Made In Space Is Successfully Taking Manufacturing Into The Stars
One of the biggest barriers to building a business in outer space is the cost. Lifting just a few tons of material into space costs anywhere from tens of millions to hundreds of millions of dollars, depending on where you want to put it.
That’s where startup Made In Space comes in. Its cofounders, who are alumni of the Forbes 30 Under 30 list, have developed a 3D-printer capable of working in space, which is already producing objects for its customers. And they’re aiming their goals even higher—working toward a robotic system capable of manufacturing large objects in orbit.
“Our main goal is to bring manufacturing to space,” says Michael Snyder, the company’s chief engineer.
Made In Space was founded in 2010, with a goal of developing a 3D printer that could successfully operate in zerogravity. The first iteration of their 3D printer, which now belongs to NASA, was installed on the International Space Station in November 2014 and printed its first part shortly thereafter. The company installed its own commercial 3D printer on the station in 2016 and has been producing parts for customers since.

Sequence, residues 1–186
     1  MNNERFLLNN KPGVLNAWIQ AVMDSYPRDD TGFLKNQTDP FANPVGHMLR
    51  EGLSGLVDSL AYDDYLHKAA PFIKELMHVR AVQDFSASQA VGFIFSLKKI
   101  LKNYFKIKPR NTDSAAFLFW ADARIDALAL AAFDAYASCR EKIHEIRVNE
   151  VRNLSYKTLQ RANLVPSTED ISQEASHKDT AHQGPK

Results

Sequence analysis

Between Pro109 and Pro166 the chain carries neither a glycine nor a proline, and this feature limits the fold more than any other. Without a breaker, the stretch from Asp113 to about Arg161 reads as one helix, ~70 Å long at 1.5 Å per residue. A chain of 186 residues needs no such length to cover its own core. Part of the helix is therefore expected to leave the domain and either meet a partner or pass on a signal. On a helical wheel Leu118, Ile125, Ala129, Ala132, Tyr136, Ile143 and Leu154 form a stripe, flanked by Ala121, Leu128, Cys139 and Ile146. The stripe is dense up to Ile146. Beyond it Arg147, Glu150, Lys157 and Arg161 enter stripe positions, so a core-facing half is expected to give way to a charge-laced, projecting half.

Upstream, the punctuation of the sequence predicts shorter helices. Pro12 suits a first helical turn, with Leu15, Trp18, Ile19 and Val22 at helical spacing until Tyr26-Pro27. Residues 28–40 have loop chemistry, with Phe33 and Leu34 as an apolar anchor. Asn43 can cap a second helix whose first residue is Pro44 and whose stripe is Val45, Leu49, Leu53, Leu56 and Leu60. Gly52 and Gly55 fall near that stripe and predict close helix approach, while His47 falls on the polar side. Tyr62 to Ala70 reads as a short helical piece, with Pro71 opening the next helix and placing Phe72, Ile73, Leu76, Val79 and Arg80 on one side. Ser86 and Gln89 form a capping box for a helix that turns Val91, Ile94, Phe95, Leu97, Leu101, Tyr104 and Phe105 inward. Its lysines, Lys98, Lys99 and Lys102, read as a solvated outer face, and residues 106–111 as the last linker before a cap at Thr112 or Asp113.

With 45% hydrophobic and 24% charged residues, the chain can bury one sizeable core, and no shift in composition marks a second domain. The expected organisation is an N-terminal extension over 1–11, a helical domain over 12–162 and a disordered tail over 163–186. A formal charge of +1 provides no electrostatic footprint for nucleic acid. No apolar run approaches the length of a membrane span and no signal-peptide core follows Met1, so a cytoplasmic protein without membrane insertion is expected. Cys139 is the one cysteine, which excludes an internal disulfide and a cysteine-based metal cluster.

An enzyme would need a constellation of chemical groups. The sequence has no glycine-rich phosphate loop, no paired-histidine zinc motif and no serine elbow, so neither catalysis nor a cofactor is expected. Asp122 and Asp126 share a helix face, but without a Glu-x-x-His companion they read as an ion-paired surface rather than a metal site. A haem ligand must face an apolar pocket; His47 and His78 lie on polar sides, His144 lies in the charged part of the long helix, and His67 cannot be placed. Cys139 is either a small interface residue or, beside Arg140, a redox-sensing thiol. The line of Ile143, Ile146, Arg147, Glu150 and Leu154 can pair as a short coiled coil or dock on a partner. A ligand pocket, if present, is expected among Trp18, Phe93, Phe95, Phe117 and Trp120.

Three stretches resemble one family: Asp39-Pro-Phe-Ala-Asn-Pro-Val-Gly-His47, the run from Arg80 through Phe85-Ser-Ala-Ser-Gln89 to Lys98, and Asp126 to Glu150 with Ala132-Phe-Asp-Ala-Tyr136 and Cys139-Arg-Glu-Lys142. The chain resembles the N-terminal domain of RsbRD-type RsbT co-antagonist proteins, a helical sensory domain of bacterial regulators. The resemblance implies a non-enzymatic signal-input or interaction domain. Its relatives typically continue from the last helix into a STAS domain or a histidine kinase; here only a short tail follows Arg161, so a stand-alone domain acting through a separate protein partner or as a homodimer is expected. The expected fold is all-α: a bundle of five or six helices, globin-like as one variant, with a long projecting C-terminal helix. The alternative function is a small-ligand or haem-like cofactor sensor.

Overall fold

“3D printing, in 2010, was just getting to the point where it made sense,” said cofounder Mike Chen.
The company has continued to make breakthroughs with its 3D printing technology. In July, the company began manufacturing parts with a high-performance polymer that can withstand both heat and vacuum as it prepares to manufacture products that can work in space itself. Earlier this month, the company successfully tested its Extended Structure Additive Manufacturing Machine in a thermal vacuum chamber that simulated the conditions of space. In that chamber, the company successfully built a structure that was over 30 meters long.
That test is a major milestone towards the company’s ultimate goal—building large structures in space with its Archinaut system, which it’s developing with Northrop Grumman Corporation and Oceaneering Space Systems.
“With Archinaut you can take material and produce structures and then assemble those structures and assemble things to those structures to actually build structures in orbit,” said Synder.
The ultimate vision for Made In Space, says cofounder and CTO Jason Dunn, is making it possible to have an entire economy working in orbit.
“If we can grow industry in space, make things there and sell them on Earth or sell them one day on Mars or on the moon,” he said. “What we start to do is build an economy that depends on activity going to and from space.”
A 3d-printed wrench on board the International Space Station